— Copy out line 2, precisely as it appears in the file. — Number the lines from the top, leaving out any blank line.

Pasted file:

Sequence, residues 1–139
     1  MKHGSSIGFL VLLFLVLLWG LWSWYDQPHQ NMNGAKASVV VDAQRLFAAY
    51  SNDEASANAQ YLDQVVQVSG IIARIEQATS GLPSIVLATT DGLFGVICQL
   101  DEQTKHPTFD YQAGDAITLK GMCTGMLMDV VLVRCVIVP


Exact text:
     1  MKHGSSIGFL VLLFLVLLWG LWSWYDQPHQ NMNGAKASVV VDAQRLFAAY